Plant Taxonomy of Harry Lauder's Walking Stick:
Plant Type for Harry Lauder's Walking Stick:
Technically, Harry Lauder's walking stick may be classified as a deciduous
flowering shrub, produced by grafting
. But because the rootstock
in the graft provides a 4'-high trunk, Harry Lauder's walking stick is commonly referred to as a dwarf tree
USDA Plant Hardiness Zones for Harry Lauder's Walking Stick :
The climate is most favorable for growing Harry Lauder's walking stick in USDA plant hardiness zones
Characteristics of Harry Lauder's Walking Stick :
This shrub reaches a height of 8'-10', with a similar spread. The flowers of Harry Lauder's walking stick are yellowish-brown "catkins," as on pussy willows
. The blooms appear in early to middle spring. However, this shrub is not grown primarily for its blooms but for its unusual branching pattern, which is indicated by its other common names: corkscrew filbert and contorted hazelnut. For as you can see from the picture, its branches contort themselves in every which way, resembing corkscrews.
Sun and Soil Requirements for Harry Lauder's Walking Stick :
Grow Harry Lauder's walking stick in well-drained soil, in full sun to part shade.
Care of Harry Lauder's Walking Stick:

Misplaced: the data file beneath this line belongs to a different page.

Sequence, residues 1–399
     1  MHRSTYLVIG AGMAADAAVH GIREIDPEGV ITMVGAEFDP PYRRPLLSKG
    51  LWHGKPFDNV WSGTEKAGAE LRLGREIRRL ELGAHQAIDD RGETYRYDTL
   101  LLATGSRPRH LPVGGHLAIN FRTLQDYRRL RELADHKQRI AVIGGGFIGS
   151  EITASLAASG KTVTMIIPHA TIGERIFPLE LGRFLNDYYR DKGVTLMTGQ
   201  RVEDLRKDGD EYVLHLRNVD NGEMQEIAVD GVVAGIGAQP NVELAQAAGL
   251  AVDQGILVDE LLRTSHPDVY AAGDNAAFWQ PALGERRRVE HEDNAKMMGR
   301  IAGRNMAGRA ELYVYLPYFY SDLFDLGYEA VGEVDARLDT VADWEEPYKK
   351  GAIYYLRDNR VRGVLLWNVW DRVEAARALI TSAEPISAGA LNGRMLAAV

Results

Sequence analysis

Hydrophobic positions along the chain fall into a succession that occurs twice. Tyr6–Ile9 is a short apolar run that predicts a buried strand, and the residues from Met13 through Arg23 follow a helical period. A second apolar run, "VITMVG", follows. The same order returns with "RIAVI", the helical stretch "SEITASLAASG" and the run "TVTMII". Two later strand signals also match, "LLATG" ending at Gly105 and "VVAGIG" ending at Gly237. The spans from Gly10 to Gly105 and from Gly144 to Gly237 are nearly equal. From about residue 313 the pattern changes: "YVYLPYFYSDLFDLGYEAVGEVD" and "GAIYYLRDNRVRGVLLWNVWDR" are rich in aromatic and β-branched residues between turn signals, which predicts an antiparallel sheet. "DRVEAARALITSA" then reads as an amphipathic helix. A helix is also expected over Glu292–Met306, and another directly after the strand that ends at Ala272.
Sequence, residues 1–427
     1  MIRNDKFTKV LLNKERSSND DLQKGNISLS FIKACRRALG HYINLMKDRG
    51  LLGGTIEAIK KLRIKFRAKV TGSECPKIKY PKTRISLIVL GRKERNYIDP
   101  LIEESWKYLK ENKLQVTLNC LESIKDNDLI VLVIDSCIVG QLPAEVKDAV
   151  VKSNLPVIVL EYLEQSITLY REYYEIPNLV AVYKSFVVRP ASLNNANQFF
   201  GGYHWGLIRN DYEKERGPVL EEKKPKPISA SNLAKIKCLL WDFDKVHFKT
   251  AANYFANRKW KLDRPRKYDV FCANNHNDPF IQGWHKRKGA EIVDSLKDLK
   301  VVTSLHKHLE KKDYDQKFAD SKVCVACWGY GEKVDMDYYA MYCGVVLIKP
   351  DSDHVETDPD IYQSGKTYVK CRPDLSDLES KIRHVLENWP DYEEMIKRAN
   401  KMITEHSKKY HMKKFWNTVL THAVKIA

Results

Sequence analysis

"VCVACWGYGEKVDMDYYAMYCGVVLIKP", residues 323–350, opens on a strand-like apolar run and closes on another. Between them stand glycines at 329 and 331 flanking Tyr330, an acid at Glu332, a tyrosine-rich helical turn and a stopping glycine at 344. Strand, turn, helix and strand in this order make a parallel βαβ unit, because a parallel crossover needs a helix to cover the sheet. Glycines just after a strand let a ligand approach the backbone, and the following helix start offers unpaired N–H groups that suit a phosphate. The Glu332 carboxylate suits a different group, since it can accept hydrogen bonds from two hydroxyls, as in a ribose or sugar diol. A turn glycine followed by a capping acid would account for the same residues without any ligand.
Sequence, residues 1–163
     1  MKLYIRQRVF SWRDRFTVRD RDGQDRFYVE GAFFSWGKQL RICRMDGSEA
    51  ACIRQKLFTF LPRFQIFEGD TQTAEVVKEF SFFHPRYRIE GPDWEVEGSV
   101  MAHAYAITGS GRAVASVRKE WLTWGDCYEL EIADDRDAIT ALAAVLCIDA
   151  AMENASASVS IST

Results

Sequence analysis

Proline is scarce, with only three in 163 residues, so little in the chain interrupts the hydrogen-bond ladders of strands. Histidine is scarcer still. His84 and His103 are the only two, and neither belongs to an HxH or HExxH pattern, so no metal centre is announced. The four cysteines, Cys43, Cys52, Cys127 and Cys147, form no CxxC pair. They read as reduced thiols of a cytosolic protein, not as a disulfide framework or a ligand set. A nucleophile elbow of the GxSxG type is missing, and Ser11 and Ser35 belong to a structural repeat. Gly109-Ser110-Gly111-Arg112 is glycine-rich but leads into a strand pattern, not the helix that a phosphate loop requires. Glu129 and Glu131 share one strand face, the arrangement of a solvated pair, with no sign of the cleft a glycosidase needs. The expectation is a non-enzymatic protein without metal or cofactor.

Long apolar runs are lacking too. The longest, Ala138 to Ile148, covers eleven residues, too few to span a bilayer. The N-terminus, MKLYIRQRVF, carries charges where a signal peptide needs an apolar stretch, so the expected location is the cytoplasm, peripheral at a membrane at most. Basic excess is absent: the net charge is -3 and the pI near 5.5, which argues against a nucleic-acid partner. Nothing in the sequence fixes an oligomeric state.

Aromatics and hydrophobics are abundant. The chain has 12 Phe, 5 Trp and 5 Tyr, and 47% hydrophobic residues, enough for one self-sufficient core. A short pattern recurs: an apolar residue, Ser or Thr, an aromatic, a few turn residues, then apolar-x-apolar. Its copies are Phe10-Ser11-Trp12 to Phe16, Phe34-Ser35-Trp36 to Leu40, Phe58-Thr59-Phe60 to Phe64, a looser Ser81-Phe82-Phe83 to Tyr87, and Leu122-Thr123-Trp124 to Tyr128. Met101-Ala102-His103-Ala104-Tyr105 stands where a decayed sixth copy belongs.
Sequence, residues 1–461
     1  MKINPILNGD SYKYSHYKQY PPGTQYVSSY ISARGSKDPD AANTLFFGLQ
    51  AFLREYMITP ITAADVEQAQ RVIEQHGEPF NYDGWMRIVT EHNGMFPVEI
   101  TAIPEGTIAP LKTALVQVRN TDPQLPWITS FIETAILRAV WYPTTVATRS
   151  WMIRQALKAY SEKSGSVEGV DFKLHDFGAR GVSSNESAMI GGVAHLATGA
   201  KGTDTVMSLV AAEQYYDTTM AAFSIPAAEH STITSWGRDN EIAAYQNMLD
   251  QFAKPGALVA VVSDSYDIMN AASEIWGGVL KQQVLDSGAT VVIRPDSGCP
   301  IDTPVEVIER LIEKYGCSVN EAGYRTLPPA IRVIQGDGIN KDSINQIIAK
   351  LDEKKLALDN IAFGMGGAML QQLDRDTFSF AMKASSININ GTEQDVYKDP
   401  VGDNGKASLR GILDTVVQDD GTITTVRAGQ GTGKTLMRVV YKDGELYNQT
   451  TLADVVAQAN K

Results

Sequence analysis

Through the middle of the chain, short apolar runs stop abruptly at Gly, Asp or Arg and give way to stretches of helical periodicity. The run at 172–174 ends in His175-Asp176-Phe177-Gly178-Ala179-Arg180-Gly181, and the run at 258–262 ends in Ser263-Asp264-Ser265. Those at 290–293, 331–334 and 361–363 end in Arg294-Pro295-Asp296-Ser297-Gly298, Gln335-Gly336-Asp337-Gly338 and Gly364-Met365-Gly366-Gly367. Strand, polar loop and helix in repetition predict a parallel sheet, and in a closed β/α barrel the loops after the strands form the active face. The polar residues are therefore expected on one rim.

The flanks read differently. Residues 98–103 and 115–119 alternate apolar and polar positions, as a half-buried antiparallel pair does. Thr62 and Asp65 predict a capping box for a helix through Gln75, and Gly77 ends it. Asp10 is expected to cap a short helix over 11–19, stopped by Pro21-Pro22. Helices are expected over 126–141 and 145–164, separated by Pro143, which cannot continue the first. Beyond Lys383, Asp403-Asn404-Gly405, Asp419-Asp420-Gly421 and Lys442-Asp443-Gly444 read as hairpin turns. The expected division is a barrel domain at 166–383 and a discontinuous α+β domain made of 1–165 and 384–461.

Being a grafted shrub, Harry Lauder's walking stick does require some special care. The rootstock is Corylus colurna. As often happens with grafted plants, there is a tendency for suckers to shoot up from the rootstock. You must prune off these suckers so that the plant does not revert to the characteristics of its rootstock.
How Harry Lauder's Walking Stick Got Its Name:
According to Adele Kleine of "Flower and Garden Magazine," the shrub's "appealing common name derives from the old Scottish comedian Harry Lauder who performed using a crooked branch as a cane."
Uses for Harry Lauder's Walking Stick in Landscape Design:
Harry Lauder's walking stick is a specimen
plant. The corkscrew shape of its branches lends much-needed visual interest to the winter landscape.
More on Harry Lauder's Walking Stick:
Harry Lauder's walking stick is a case in which one may rightly claim that a deciduous shrub truly comes into its own only after its leaves have fallen. Not that the shrub isn't attractive when fully leafed out. But the eye is especially drawn to this curious specimen in winter, when many other deciduous trees and shrubs are little better than sad reminders of a defunct fall and summer.
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